Presita el Usona Esperantisto № 2016:2

The Esperanto Club of North Texas

Lasta ĝisdatigo: 2018-03-23
A meeting of the North Texas group. Photo by Elizabeth Dorcas.

The Esperanto Club of North Texas is an informal club that meets in the Dallas-Fort Worth area. We typically have ten to twenty participants in our meetings. We have a website and a mailing list for conversations between meetings.

The club began regular meetings in 1992. After attending the Universala Kongreso in Warsaw in 1987, and having a friend from Koszalin, Poland visit north Texas in 1991, I felt we needed to have a club in North Texas. After calling many people in the ELNA membership list, Roy Crochet, Barry Friedman and I began to meet irregularly every month or two. After some time we decided we needed to advertise. The three of us got together with Jarlo Bills at SMU where Barry worked, pooled some money and placed an advertisement. In response to the ad, we had our first meeting at the home of Joe and Anna Burba. At that meeting we decided to hold our meetings monthly. We met at the Burba’s home for many wonderful years.

By calling the club “informal,” I mean that we do not have a regular set of officers. Our sole officer is our Treasurer who tends to our money when we have some. Jarlo fills this role. Otherwise when a task needs doing, we find someone willing to lead that task. So Phil Dorcas sends out meeting announcements, and Ron Wolf tends to the website. When we sing, Jarlo and Rhanda Hasley play and lead the music. I try to get members to talk about some topic. Our rule is that we may talk in English if the topic is Esperanto. For other topics, we talk in Esperanto. This rule is suspended when we have beginners come to one of our meetings.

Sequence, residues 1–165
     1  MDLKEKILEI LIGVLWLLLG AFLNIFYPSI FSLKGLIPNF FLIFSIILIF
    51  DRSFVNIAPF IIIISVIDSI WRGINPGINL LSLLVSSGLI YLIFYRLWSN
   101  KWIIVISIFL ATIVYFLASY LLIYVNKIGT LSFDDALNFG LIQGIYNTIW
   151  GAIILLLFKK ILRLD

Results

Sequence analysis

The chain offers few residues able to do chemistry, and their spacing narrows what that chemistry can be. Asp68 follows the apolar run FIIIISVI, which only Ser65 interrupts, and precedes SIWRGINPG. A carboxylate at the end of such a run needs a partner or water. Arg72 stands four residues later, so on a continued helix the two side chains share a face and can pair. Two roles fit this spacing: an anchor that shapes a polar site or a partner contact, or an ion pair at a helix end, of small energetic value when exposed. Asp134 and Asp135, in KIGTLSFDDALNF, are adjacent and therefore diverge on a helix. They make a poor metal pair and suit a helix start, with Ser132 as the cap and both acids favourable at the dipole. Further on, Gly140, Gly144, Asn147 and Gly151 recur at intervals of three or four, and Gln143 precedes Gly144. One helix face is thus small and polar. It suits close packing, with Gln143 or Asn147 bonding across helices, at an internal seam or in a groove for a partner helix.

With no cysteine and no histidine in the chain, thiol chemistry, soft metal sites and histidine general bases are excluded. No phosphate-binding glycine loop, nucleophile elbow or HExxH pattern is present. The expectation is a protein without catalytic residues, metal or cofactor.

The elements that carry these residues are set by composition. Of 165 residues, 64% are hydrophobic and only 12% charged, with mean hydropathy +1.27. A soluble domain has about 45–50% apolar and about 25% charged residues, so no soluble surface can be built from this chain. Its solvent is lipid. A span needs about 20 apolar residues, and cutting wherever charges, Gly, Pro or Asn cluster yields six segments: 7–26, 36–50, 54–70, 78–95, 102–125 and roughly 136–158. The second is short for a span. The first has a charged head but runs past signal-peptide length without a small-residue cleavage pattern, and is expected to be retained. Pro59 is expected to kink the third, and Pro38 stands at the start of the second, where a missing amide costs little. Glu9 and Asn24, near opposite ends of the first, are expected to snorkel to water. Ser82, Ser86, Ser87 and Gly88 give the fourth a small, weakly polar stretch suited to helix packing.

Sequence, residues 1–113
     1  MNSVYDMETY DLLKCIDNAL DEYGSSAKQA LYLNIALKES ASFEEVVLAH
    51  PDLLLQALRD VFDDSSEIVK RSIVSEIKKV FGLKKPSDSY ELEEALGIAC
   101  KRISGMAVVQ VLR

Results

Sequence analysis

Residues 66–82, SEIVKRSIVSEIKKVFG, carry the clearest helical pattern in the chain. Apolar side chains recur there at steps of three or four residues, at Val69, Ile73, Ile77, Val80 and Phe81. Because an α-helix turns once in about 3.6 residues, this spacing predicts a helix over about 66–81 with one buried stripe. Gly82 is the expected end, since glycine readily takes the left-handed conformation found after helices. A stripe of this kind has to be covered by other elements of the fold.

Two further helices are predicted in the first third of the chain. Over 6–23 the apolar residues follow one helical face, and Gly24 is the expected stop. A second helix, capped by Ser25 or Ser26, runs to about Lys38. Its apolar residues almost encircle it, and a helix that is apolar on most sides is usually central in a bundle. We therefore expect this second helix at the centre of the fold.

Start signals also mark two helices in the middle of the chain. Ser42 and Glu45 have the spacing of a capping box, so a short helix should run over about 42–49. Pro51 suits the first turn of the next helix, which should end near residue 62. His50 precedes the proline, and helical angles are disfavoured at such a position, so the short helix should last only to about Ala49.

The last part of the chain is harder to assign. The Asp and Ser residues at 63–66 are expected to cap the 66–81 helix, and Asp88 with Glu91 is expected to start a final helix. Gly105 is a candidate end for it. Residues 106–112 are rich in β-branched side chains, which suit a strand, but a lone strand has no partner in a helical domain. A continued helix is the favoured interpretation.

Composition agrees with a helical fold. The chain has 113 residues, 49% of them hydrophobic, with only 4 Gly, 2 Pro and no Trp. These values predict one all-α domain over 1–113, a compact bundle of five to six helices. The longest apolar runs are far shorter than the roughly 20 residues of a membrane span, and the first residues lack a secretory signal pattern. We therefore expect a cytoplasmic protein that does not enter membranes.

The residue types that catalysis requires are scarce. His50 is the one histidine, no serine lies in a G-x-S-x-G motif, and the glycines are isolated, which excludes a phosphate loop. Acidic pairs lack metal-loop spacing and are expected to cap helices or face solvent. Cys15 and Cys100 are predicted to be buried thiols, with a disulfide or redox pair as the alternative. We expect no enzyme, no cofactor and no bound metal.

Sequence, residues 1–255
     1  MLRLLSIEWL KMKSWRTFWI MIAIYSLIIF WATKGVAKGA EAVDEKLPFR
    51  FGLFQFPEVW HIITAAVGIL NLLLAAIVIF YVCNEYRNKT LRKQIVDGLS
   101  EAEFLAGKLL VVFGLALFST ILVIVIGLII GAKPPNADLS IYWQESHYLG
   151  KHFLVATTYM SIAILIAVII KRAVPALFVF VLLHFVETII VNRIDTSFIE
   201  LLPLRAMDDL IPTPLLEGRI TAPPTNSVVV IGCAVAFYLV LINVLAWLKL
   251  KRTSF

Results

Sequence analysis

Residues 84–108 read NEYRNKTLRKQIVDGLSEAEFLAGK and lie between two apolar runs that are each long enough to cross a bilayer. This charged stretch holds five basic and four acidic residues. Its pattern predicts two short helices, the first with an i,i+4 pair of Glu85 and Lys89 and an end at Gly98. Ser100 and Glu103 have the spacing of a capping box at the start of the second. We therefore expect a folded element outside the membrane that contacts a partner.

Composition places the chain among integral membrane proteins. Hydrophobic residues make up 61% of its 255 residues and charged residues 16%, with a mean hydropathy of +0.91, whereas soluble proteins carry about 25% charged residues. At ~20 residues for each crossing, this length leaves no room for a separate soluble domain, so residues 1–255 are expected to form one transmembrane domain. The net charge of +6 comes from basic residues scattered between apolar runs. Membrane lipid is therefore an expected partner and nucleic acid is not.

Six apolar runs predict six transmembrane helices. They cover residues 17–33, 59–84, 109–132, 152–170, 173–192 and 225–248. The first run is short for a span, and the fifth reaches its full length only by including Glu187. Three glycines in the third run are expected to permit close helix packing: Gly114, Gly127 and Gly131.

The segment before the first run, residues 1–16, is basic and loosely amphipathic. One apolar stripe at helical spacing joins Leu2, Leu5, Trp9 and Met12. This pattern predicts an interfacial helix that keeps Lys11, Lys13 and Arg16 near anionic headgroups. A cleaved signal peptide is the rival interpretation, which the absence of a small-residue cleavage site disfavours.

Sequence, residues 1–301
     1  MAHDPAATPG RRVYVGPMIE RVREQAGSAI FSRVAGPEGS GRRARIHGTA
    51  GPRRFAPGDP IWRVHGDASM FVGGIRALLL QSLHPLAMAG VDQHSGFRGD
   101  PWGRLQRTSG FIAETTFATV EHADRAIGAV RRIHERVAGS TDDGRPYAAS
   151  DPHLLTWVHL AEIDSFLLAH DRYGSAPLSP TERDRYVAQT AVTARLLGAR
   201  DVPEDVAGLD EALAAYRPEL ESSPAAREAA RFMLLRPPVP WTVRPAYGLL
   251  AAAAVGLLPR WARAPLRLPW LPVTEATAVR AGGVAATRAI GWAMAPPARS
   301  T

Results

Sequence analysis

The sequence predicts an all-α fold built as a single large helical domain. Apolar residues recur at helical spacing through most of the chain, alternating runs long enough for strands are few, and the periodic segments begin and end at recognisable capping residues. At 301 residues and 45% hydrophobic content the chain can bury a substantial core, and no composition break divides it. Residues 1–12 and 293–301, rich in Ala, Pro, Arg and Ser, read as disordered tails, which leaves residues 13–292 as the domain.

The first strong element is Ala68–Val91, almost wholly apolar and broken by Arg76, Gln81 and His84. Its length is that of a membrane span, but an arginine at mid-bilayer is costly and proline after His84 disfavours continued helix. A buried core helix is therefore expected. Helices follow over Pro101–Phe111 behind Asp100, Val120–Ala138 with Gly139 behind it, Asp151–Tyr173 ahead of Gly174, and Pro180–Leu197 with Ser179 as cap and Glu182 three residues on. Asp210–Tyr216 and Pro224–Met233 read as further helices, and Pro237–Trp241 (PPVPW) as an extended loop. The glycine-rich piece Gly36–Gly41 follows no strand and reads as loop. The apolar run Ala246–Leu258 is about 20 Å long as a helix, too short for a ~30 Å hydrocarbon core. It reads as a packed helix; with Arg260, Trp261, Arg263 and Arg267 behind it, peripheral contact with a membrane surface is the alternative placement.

I bring an agenda to our meetings so we can do things in a regular order. The usual order at club meetings is to greet one another, chat about some topic, go around the table discussing what we have done for/in Esperanto in the last month, plan for upcoming events, and finally play a board game to help us learn vocabulary. The games are good for younger members and enjoyed by everyone.

In the past we have had three gatherings a month: two conversational circles and one regular club meeting. We have had only the regular club meeting for the past several months for lack of meeting places for conversational circles. Conversational circles are small group meetings where we discuss events in Esperanto and play vocabulary-building board games. Conversational circles need relatively quiet, public meeting places.

Member retention is our largest problem. We greet new members enthusiastically and speak in both English and Esperanto so they can hear the language and still remain comfortable. We try to connect them with Esperanto learning resources. We get their contact information and try to follow up with a welcoming email during the first week after the meeting. Still, our long-term membership grows slowly.